The mind is such an interestingly powerful creation. I remember when I was young, often watching horror movies probably when I shouldn’t have been.
We used to visit the video store and pick out movies to rent, and when I was around 9 I chose a Nightmare on Elm Street 2, which was probably not a wise decision on mine or my parent’s behalf.
I remember after watching it always having a fear of the dark streets outside because of Freddy. Watching It a couple of years later didn’t help the situation either.
But over time, we mature and learn that the Boogeyman isn’t real and slowly our fears dissipate, for the most part anyway.
The thing is, although we mature we still have the same brain created by evolution so we still have the capability for unrealistic fears – enter anxiety.
The brain is such a creative storyteller, even as adults when we know better, we are able to be convinced of these nightmares, these stories.
Often the stories are different, but the fear they create are all so real. That same terrifying feeling that something is seriously wrong. The sense of dread so terrifying that it results in physical fear – shaking, sweating, muscle cramps and the need to just want to survive the day.
For a long time, that is how I felt after suffering from a couple of anxiety disorders. But over time, with the right help and education, these fears can be overcome.
Perspective is such a wonderful thing. The best part about perspective is it comes from a place of an open mind.
Just like the child who was afraid of the dark streets, perspective allows us to look at things from a different place and look at all the possible scenarios objectively.
Perspective allows us to see that Freddy was just a figment of some awesomely creative minds. And at the same time, most of our anxious fears are exactly the same – a figment of an awesomely creative mind, your own.
Once we are able to step back from our fears and look at the facts objectively, with an open mind we can re-educate the brain and slowly help these fears dissipate over time, too.
Rewrite the Story
I like to call this technique flipping the script. That is, rewriting your anxious fears and worries. The things that circle around every waking moment haunting us with a fearful fight or flight response.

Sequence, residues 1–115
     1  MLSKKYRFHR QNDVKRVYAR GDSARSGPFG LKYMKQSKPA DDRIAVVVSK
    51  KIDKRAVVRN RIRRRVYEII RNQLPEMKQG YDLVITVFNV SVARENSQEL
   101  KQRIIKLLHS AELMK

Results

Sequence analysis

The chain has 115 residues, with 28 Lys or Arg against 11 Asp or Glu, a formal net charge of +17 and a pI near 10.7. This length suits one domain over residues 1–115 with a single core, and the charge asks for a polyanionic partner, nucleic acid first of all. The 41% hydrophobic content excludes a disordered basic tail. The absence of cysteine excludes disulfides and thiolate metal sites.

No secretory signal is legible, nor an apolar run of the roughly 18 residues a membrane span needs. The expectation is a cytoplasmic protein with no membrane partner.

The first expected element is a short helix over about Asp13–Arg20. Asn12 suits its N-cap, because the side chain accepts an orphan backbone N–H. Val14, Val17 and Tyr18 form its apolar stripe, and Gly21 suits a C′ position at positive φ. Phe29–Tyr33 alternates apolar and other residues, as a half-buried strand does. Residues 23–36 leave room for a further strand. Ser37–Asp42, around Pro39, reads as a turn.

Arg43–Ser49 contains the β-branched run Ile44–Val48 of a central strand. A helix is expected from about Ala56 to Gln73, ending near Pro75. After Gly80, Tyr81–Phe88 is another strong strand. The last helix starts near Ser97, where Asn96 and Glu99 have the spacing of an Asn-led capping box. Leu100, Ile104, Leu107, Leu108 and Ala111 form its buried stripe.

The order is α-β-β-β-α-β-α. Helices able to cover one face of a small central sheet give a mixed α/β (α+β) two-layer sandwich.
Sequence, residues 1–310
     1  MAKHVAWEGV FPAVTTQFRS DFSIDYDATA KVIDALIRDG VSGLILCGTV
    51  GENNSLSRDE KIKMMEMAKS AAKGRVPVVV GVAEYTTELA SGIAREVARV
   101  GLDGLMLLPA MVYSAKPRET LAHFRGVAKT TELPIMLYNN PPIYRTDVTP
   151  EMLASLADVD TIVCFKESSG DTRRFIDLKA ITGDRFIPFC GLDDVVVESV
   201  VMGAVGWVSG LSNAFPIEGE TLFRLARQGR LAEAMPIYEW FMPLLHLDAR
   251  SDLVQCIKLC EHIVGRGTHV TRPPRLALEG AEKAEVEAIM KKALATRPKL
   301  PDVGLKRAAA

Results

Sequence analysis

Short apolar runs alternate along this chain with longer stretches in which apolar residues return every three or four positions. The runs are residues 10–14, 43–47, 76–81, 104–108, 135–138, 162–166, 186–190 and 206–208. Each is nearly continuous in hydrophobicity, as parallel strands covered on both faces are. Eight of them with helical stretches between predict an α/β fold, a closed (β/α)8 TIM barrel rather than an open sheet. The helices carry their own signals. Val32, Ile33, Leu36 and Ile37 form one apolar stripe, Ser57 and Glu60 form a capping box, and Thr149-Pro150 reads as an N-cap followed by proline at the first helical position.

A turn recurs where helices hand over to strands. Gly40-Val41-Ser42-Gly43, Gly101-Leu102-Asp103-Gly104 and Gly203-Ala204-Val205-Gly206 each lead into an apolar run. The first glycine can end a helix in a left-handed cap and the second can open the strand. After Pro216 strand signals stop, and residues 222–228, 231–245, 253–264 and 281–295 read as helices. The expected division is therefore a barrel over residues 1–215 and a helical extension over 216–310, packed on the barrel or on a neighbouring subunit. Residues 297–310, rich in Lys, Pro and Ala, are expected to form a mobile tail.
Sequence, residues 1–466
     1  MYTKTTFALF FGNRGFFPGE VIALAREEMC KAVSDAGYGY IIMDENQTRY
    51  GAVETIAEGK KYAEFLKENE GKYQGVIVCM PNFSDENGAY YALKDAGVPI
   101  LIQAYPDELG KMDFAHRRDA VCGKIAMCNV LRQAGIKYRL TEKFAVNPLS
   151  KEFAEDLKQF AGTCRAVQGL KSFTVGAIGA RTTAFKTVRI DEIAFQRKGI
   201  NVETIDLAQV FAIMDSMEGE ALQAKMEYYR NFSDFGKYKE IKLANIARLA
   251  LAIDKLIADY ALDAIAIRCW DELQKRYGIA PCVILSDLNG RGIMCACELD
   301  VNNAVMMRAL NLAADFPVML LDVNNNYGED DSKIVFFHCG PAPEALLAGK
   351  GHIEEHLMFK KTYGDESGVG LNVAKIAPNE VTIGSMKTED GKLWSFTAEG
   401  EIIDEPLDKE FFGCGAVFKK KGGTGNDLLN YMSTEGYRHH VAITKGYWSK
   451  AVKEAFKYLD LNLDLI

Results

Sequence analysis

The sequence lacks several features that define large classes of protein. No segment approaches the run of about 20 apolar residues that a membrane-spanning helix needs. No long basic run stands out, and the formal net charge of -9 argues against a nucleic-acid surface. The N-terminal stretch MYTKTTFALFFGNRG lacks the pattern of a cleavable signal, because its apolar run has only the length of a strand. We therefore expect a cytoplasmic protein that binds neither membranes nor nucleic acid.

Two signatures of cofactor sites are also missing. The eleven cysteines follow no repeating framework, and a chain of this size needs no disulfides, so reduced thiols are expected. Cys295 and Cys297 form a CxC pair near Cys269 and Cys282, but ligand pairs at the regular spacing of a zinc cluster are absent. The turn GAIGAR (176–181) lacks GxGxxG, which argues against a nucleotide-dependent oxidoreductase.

Rewriting the story is done by firstly acknowledging that these fears are simply just stories, nothing more and nothing less. They just come from a place of creativity – not the deep dark horror movie basement we like to think they stem from.
By creating a different relationship with the stories we can see them in a different light, they are no longer the enemy… they are just thoughts, neither good not bad.
Intrusions are Normal
The thing about intrusions is everybody has them. The only difference is the topic of intrusions. Some intrusions are subtle, for example, “Boy you’re getting old!” and others are a little more hurtful and dig deeper into our self-esteem.
But regardless of what intrusions we experience, how we react is far more important than wanting to get rid of them. It’s often quite normal to think that having intrusions is a bad thing. Thinking that the goal is to stop them.
If you look outside your window for a moment, is the weather beautiful or gloomy? Do you see a bright blue sky without a cloud in sight, or maybe it’s dark and stormy and you can’t see the blue sky?
Does the blue sky cease to exist simply because you can’t see it though? If it is stormy do you simply accept the weather for what it is, or do you hide away in fear?
For most of us, the weather is what it is. We just accept the way it is. If it’s winter we accept it. If it’s summer we accept it. It may annoy us to a degree, or fill us with joy at other times.
But regardless of how it makes us feel, we seldom struggle with the weather on a deeply personal level wishing it was something other than it is.
If we can approach thoughts and intrusions with this same mentality, we can begin to “flip the script”.
No Big Deal
The thing about flipping the script is it’s all about attitude. The key is to have a “no big deal” attitude.
If you’re anxious today, remind yourself it’s no big deal. If you’re experiencing intrusive thoughts, it too is no big deal.
Now I won’t pretend this will be easy. It will take a lot of time and practice, and a formal meditation practice for 10-20 minutes a day will greatly speed up the process (try Headspace if you’re new to meditation).
But flipping the script does work. Just give it time and patience and little by little you too may begin to see subtle changes.